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Introduction

  • Ted Underwood

Abstract

“The source of all labour is the sun,” Chambers’s Journal informed its readers in 1866. “All the labour done under the sun is really done by it.” The glide from “done under” to “done by” concisely dramatizes the appeal of this claim, which was by the 1860s a commonplace of British journalism. The light revealing the world and the labor shaping it are two aspects of a single protean power. The sun, as the source of that power, binds the natural order to the order of economic production—at once personifying natural force as a worker, and elevating work to an ontological principle. In the words of the scientific lecturer John Tyndall: “every mechanical action on the earth s surface, every manifestation of power, organic and inorganic, vital and physical, is produced by the sun. … He builds the forest and hews it down, the power which raised the tree, and which wields the axe, being one and the same.”1

Keywords

Eighteenth Century Natural Force Natural Philosopher Natural Power Middle Rank 
These keywords were added by machine and not by the authors. This process is experimental and the keywords may be updated as the learning algorithm improves.

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Notes

  1. 1.
    “The Source of Labour,” Chambers’s Journal, 4th series, 3 (1866): 555–56. John Tyndall, Heat Considered as a Mode of Motion (New York: D. Appleton, 1864), 446–47.Google Scholar
  2. 2.
    Anson Rabinbach, The Human Motor: Energy, Fatigue, and the Origins of Modernity (New York: Basic Books, 1990), 3, 69–83, 179–237.Google Scholar
  3. Karl Marx, Capital: A Critique of Political Economy, trans. Ben Fowkes (New York: Vintage, 1977), 283.Google Scholar
  4. For the late-nineteenth-century literary ramifications of productivism, see Mark Seltzer, Bodies and Machines (New York: Routledge, 1992);Google Scholar
  5. also Bruce Clarke, Energy Forms: Allegory and Science in the Era of Classical Thermodynamics (Ann Arbor: University of Michigan Press, 2001).Google Scholar
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    John Milton, Paradise Lost, ed. Scott Elledge (New York: W.W. Norton, 1975), 94 (4:618–22).Google Scholar
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    William Godwin, Caleb Williams, ed. David McCracken (London: Oxford University Press, 1970), 218–19.Google Scholar
  8. 6.
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  9. See also P. M. Heimann and J. E. McGuire, “Newtonian Forces and Lockean Powers: Concepts of Matter in Eighteenth-Century Thought,” Historical Studies in the Physical Sciences 3 (1971): 233–306.CrossRefGoogle Scholar
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    Stephen Wallech, “‘Class Versus Rank’: The Transformation of Eighteenth-Century English Social Terms and Theories of Production,” Journal of the History of Ideas 47 (1986): 409–31.CrossRefGoogle Scholar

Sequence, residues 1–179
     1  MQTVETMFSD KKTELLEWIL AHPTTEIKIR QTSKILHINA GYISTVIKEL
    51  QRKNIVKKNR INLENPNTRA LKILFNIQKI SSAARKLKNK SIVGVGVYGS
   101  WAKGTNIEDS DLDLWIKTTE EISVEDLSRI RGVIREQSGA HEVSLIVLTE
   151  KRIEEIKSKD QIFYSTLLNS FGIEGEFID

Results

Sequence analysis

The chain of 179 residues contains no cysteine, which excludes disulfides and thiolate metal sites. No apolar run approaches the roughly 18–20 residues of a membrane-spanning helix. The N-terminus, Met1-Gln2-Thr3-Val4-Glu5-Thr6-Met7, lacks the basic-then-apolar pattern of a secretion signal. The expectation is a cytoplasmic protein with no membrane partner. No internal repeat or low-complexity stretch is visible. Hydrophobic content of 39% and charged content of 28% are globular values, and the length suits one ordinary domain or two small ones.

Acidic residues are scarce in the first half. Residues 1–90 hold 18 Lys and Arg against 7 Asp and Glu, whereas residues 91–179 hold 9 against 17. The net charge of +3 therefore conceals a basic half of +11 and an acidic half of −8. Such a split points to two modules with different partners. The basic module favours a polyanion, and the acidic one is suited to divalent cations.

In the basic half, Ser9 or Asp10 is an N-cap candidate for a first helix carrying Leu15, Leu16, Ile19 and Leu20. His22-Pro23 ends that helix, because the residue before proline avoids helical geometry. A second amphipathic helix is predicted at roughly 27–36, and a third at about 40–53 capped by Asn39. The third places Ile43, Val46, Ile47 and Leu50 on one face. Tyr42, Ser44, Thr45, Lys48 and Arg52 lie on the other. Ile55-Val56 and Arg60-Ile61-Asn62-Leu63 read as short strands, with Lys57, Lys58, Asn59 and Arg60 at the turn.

11. Isaac Kramnick, Republicanism and Bourgeois Radicalism: Political Ideology in Late Eighteenth-Century England and America (Ithaca: Cornell University Press, 1990), 60. The phrase “republican tradition” is appropriate in this context, although the assumptions under discussion could in principle be adapted to non-republican forms of government.Google Scholar
  12. See John Robertson, “The Scottish Enlightenment at the Limits of the Civic Tradition,” Wealth and Virtue: The Shaping of Political Economy in the Scottish Enlightenment, ed. Istvan Hont and Michael Ignatieff (Cambridge: Cambridge University Press, 1983), 138.Google Scholar
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  16. 10.
    David Simpson, from whom I draw the phrase “agrarian idealism,” has described a very similar tension. See Simpson, Wordsworth’s Historical Imagination: The Poetry of Displacement (New York: Methuen, 1987), 56–78.Google Scholar
  17. 11.
    Adam Smith, An Inquiry into the Nature and Causes of the Wealth of Nations, ed. R. H. Campbell, A. S. Skinner, and W. B. Todd, 2 vols. (Oxford: Oxford University Press, 1976), 1:364–65.Google Scholar
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    Raymond Williams, The Country and the City (New York: Oxford University Press, 1975), 127, 130–31.Google Scholar
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    Leo Marx, The Machine in the Garden: Technology and the Pastoral Ideal in America (1964; Oxford: Oxford University Press, 2000), 227–42, 271n, 268–319.Google Scholar
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    PW 2:142–44. David Ricardo, On the Principles of Political Economy and Taxation, Works and Correspondence, ed. Pierro Sraffa and M. H. Dobb, 10 vols. (Cambridge: Cambridge University Press, 1966), 1:69.Google Scholar
  21. 16.
    Antoine Lavoisier and Armand Seguin, “Premier mémoire sur la respiration des animaux,” in Antoine Lavoisier, Œuvres, 7 vols. (Paris: Imprimerie impériale, 1862), 2:688–703.Google Scholar
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    G. W. F. Hegel, The Philosophy of History, trans. J. Sibree (New York: Dover, 1956), 103.Google Scholar
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    John F. W. Herschel, A Treatise of Astronomy (London: Longman, 1833), 211. Thomas Carlyle, The Works of Thomas Carlyle, 30 vols. (New York: Scribner’s, 1896), 1:56.Google Scholar

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© Ted Underwood 2005

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  • Ted Underwood

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